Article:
If you’re getting started with GIF marketing, you should be aware of what you should do in order to succeed and what common pitfalls to look out for.
There are over 10 billion GIFs shared daily, so it’s time to get your GIF content strategy in order and start creating meaningful interactions with consumers. Brands like Pepsi, Gucci, McDonald’s, Wells Fargo and thousands of others are already using GIFs to give consumers a way to express themselves in messaging apps and social media stories, two of the hottest digital communication channels.
In this article, we’ll be outlining seven things you should do to ensure your GIFs are relatable, entertaining, and shareable, and three ways to avoid wasting your time creating GIFs that people don’t want to use.
The seven things below are what you need to do to perfect your GIF marketing strategy by being real, relatable, and true to your brand.
You want to make sure your brand is incorporated in your GIFs, whether it’s a watermark, product placement, or some reference to your branding (color, font, etc.). The key is to keep the branding light. GIFs are great marketing channel because they allow brands to give consumers a tool to express themselves without asking for anything in return. GIFs improve conversations. When creating branded GIFs, you want to focus on entertainment first, and brand placement second.
If you absolutely have to, put your logo as a small watermark in the bottom right corner. The best practice is to make your logo grey and opaque so it doesn’t immediately draw the viewer's eye away from the GIF. Don’t worry, if you nail the content, your GIF will be watched multiple times in a row and the user will eventually notice your watermark in the corner.
Amazon does a great job of subtly incorporating their brand. Their brand is blended into the GIF in a fun and playful way, but it doesn’t jump out at you immediately. You may not notice it the first time the GIF loops, but after looking at in-depth you notice the branding. After a few loops, you’ve spent more than 15 seconds with the brand, and walk away with a good feeling about Amazon, or at least that they are clever and funny. Mission accomplished: you’ve entertained the consumer.
Memes and GIFs are similar in that they are fun, informal and often comment on culture and emotions. Some of the best GIFs include descriptive “meme” text, like the Amazon GIF above. This is a great way to enhance your video content and make it a “reaction GIF”. Including a caption on a GIF can increase the chance of ranking organically in search results for the keywords that are in the text.
When deciding what your GIF is about, GIF engines will look to see if there is text within your GIF. This helps them understand what your GIF is about. So if you put your target keywords as text within your GIF, you are telling the GIF search engine what search terms your GIF should show up for. This adorable reaction GIF from the ASPCA has pulled in over 50 million views.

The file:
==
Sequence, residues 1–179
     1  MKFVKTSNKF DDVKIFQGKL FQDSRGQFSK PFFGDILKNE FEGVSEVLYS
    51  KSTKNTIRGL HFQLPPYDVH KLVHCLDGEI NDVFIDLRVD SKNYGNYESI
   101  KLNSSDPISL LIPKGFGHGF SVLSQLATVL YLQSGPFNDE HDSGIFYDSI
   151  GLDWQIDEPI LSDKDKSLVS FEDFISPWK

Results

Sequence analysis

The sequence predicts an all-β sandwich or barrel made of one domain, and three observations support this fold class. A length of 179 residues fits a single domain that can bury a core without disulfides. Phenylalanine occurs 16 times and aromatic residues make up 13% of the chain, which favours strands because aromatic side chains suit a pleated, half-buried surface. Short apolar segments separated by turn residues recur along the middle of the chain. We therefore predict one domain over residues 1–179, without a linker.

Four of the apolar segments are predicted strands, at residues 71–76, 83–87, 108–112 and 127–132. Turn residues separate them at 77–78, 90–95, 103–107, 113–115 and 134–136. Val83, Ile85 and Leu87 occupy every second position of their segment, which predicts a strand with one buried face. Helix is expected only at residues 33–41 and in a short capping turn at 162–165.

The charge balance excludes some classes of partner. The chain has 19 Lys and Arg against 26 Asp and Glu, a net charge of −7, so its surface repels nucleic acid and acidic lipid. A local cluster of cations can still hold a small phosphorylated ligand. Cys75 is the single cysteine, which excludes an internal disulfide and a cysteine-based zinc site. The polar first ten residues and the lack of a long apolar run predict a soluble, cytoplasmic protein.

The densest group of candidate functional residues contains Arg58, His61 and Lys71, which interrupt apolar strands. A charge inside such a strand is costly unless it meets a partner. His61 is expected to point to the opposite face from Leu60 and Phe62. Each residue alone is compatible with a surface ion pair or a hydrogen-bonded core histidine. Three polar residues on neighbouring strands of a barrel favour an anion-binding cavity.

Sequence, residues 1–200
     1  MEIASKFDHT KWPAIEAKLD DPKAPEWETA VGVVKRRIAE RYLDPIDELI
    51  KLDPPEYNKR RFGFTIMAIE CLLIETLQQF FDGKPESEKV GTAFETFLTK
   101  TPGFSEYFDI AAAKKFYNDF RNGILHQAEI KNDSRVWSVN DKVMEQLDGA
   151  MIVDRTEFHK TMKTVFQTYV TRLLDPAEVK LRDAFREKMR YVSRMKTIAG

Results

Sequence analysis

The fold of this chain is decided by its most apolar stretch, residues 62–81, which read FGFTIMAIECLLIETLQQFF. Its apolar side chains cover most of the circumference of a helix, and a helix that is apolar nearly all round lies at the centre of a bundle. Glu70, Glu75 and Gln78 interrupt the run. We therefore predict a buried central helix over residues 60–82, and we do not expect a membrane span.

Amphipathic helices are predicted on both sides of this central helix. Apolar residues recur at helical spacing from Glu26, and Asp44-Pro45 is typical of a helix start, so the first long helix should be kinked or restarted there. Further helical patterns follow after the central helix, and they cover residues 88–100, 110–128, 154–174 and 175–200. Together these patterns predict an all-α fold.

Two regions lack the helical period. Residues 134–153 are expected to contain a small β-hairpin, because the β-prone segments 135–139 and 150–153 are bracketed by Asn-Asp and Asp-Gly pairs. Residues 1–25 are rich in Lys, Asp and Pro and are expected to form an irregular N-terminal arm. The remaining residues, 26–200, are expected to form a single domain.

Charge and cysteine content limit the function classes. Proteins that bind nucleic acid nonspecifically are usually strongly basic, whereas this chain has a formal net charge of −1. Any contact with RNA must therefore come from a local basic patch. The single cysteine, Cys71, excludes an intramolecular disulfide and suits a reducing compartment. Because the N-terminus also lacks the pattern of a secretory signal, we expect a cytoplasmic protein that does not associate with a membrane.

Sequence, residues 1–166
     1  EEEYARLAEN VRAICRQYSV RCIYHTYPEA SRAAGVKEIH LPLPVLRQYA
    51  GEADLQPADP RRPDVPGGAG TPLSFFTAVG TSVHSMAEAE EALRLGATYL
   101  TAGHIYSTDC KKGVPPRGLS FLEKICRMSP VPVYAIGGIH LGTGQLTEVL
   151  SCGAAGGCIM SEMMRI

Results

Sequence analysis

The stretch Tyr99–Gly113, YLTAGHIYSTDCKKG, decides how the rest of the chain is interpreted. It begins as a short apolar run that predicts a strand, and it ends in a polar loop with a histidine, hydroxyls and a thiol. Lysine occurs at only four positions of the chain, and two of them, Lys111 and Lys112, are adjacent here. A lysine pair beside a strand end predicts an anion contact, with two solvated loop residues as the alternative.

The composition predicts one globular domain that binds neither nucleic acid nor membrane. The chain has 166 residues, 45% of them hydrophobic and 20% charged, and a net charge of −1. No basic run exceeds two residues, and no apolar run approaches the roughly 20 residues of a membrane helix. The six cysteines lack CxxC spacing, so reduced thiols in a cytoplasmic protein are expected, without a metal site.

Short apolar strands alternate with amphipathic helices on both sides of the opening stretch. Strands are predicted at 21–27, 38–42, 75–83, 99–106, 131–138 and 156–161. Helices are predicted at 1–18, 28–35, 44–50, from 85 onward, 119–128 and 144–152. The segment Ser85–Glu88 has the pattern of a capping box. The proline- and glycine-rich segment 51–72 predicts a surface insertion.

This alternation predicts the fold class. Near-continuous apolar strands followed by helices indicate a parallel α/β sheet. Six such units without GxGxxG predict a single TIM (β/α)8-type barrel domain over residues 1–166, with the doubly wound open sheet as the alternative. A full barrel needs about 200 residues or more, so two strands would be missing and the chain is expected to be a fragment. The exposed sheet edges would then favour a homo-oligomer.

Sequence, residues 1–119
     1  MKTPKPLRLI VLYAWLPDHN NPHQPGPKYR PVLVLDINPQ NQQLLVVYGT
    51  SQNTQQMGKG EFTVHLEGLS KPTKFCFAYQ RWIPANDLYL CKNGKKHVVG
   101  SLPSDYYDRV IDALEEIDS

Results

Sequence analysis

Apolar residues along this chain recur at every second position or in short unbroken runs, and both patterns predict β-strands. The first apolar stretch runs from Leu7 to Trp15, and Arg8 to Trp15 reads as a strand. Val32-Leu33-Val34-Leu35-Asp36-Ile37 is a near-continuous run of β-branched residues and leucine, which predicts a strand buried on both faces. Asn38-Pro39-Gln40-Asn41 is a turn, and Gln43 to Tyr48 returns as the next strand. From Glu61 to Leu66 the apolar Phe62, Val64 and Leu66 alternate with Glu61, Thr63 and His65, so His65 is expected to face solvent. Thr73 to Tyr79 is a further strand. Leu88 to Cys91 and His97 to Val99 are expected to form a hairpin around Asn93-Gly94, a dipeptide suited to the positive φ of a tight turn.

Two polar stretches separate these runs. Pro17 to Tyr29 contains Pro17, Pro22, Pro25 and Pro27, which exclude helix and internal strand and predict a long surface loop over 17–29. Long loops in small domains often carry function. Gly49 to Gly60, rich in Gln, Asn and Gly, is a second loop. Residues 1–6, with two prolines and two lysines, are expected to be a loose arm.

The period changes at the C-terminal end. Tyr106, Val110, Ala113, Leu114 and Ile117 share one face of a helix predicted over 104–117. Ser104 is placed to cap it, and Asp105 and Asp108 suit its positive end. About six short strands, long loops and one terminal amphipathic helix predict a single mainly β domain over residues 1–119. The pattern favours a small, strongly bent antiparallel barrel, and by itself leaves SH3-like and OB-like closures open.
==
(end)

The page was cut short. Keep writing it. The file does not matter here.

Okay, this isn’t a branded GIF, but the meme text on this GIF makes it 999% funnier.
GIFs are great for getting your brand into intimate conversations in messaging apps. GIF Stickers are best for reaching consumers on Instagram and Snapchat Stories. Both GIFs and Stickers are shared by consumers. So once you upload them to your favorite GIF search engine they will be shared by consumers. Ideally, you want to use both to maximize brand awareness, but if you don’t have enough budget to make good creative for both, start by thinking about where you want to reach your ideal audience. I
If you want to reach consumers in conversations, start with traditional GIFs. If you want to increase your awareness on social, you should start with GIF stickers. Either way, you’re winning because you’re turning consumers into brand ambassadors. Eventually, you’ll want to expand your GIF presence to incorporate both to maximize visibility.
GIFs are primarily used to express emotions. This is why many popular GIFs are reaction GIFs, GIFs that can be used as a response that expresses an emotion. Sending someone a funny “excited” reaction GIF is much more expressive and fun than just writing: so excited!
Neil Patrick Harris is excited, but not as excited as the Bubly marketing team for successfully sneaking their brand into this reaction GIF that has over 18 million views.
If your product or service is directly tied to human emotion, like “thirsty” for a beverage company, start with those emotions that your product directly solves. If your brand isn’t directly tied to a human feeling or emotion, you should create content for the popular reactions and emotions that people express using GIFs. You can use the Tenor Emotional Graph to research popular emotions that you will want to help people express with your branded GIFs.
Keyword research is essential to making sure your GIFs get seen. Don’t treat keywords as an afterthought. You can spend all your time making great creative, but if you don’t tag your GIFs with relevant keywords, they won’t be seen by your target audience. Naturally, you’ll want to tag your GIFs with your own branded keywords. We recommend doing keyword research before even jumping into GIF creation.
Think about the purpose of your campaign and the goals for your GIFs. What keywords do you want your GIF to be associated with? You can use the Tenor Insights tool to research popular search terms and get ideas for keywords to build your content around. If you can make your content for specific keywords, you’ll have a better chance to rank. For example, if you are a beer brand, you’ll naturally want to show up for the keyword “beer”.